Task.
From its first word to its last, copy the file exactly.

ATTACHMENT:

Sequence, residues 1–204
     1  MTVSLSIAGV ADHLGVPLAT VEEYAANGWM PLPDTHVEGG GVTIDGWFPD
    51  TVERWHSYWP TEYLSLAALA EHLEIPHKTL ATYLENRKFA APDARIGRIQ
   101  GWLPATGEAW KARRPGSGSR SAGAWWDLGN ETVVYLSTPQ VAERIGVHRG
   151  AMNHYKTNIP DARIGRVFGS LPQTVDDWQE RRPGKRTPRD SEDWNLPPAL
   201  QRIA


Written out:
Sequence, residues 1–204
     1  MTVSLSIAGV ADHLGVPLAT VEEYAANGWM PLPDTHVEGG GVTIDGWFPD
    51  TVERWHSYWP TEYLSLAALA EHLEIPHKTL ATYLENRKFA APDARIGRIQ
   101  GWLPATGEAW KARRPGSGSR SAGAWWDLGN ETVVYLSTPQ VAERIGVHRG
   151  AMNHYKTNIP DARIGRVFGS LPQTVDDWQE RRPGKRTPRD SEDWNLPPAL
   201  QRIA